News Releases from Region 9
U.S. EPA settlements require investigation of uranium contamination on Southwestern tribal lands
Release Date: 09/13/2010
Contact Information: Media Contact: Rusty Harris-Bishop, 415-972-3140, firstname.lastname@example.org
SAN FRANCISCO – This week the U.S. Environmental Protection Agency entered into two enforcement actions, both of which will contribute towards cleaning up uranium contamination at the Navajo Nation and Hopi Reservation.
In one settlement, Rio Algom Mining LLC, a subsidiary of Canadian corporation BHP Billiton, has agreed to control releases of radium (a decay product of uranium) from the Quivira Mine Site, near Gallup, N.M. In addition, the company is to conduct a comprehensive investigation of the levels of contamination at the site. The total cost for this work is estimated to be approximately $1 million.
Under the terms of a separate settlement, the United States Department of Interior, Bureau of Indian Affairs (BIA), will begin a comprehensive investigation of the levels of uranium and other contaminants in the waste, soils and groundwater at the Tuba City Dump Site in Arizona. They will also evaluate the feasibility of a range of cleanup actions.
“Uranium mining has left a toxic legacy, and we are working as partners with the Navajo Nation, the Hopi Tribe and other federal agencies to clean up contaminated homes, mines and water supplies,” said Jared Blumenfeld, Regional Administrator for EPA’s Pacific Southwest Region. “These actions are just one part of a coordinated plan that has already resulted in the replacement of 14 homes, the assessment of more than 200 mines, and funding for water systems that will serve over 3,000 people with clean water.”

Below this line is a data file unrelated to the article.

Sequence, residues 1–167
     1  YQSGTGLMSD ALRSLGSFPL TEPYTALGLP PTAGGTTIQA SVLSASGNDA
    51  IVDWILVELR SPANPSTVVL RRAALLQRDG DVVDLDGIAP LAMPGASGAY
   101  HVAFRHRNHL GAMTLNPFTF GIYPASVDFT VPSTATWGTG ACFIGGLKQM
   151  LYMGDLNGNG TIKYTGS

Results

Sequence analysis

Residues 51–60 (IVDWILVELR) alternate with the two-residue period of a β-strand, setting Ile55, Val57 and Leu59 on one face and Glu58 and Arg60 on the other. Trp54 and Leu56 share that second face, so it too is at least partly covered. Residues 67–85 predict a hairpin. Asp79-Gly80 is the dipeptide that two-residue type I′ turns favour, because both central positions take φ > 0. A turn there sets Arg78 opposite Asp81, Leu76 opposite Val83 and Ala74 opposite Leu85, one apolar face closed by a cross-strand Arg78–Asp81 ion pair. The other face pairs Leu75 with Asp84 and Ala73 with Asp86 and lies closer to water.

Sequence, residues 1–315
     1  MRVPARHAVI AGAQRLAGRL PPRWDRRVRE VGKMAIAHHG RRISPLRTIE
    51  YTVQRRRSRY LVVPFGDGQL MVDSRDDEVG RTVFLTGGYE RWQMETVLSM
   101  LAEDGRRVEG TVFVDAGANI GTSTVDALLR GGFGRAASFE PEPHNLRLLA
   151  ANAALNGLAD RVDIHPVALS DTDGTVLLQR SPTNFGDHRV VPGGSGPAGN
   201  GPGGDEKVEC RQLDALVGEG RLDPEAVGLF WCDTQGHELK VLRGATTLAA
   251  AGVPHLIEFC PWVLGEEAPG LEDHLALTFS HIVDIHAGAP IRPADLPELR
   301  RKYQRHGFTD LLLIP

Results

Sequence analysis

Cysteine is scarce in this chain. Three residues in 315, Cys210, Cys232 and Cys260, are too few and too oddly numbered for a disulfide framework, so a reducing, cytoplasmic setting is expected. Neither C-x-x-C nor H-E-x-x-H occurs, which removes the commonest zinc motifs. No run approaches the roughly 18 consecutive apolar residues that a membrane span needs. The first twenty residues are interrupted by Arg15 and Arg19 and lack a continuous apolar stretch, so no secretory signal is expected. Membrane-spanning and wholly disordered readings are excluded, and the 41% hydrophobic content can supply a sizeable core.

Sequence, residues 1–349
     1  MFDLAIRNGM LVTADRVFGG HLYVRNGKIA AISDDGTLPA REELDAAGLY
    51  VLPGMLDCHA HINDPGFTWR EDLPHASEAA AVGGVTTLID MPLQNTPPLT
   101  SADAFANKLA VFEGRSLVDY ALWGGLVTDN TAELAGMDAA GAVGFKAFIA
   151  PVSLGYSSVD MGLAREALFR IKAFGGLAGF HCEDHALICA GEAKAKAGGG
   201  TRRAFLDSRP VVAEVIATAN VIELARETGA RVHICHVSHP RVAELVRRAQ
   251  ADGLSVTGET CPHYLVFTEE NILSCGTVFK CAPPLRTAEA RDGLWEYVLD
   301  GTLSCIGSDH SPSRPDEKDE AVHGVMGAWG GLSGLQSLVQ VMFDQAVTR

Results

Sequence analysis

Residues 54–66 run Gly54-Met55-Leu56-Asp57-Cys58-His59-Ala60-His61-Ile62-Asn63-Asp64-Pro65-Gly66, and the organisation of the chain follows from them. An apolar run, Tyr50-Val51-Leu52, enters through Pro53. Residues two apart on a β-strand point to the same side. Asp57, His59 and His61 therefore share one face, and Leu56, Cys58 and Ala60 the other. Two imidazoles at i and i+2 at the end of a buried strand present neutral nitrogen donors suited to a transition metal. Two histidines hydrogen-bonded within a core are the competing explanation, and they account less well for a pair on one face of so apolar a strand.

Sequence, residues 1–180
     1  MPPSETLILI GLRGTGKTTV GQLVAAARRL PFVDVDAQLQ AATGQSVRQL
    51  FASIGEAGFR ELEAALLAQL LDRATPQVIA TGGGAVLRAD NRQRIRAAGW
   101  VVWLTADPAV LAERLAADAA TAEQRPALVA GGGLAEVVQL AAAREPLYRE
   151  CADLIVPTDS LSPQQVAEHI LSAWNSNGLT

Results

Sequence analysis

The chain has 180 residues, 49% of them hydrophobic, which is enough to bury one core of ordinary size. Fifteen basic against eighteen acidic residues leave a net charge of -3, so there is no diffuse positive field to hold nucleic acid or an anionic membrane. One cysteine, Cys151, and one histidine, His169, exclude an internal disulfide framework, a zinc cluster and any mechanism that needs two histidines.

“The Navajo Nation is appreciative of the work done by U.S. EPA Region 9 on this matter,” said Stephen Etsitty, Executive Director of the Navajo Nation Environmental Protection Agency. “We especially value the legal work done by the Region 9 Office of Regional Counsel in consultation with the Navajo Nation Department of Justice, and we consider this a good first step in making Rio Algom accept responsibility for its past mining practices.”
From 1944 to 1986, nearly four million tons of uranium ore were extracted from Navajo lands. Today the mines are closed, but a legacy of uranium contamination from more than 500 abandoned uranium mines, homes built with contaminated mine waste, and contaminated water wells remains. In January 2008, the House Committee on Oversight and Government Reform directed five federal agencies – the Environmental Protection Agency, Bureau of Indian Affairs, Department of Energy, Indian Health Services, and Nuclear Regulatory Commission – to work together to address this problem. EPA Pacific Southwest Region took the lead in developing a collaborative five-year plan to address contaminated homes, wells, mine sites, mills, and dumps.
Potential health effects from abandoned uranium mines include lung cancer from inhalation of radioactive particles, as well as bone cancer and impaired kidney function from exposure to radionuclides in drinking water.
Rio Algom will pave a portion of Red Water Pond Road close to the Quivira Site, minimizing the spread of low-level contaminated dust. The company will also minimize erosion from the site, and repair fencing to prevent human and animal exposure to a large waste pile. Rio Algom has agreed to reimburse the EPA for oversight costs associated with the work. The Navajo Nation EPA will work with EPA in overseeing the work and reviewing the results of the investigation.
The Tuba City Dump Site is located near Tuba City, Arizona, about four miles from a former uranium mill. It covers approximately 30 acres and includes parts of both the Hopi Reservation and Navajo Nation. In 1998, the Bureau of Indian Affairs (BIA) undertook various activities to close the Site, including stabilization, fencing and posting of signs to restrict access. Under the agreement reached this week, BIA will complete assessment of the Site and will evaluate cleanup options for soil, groundwater, and waste. To date, BIA has spent over $4.5 million to investigate and address environmental conditions at the Site and estimates it will spend an additional approximately $1.5 million to complete the remedial investigation and feasibility study.
On September 14-16, EPA will be conducting a Uranium Contamination Stakeholders Workshop in Tuba City, Arizona. This free workshop is an opportunity to collaborate with co-implementers and stakeholders of the multi-agency Five-Year Plan to find practical and effective solutions to uranium contamination on the Navajo Nation. For a full agenda and information on registering, please contact email@example.com.
For more information, please go to: www.epa.gov/region9/necr or http://bit.ly/8YgNoO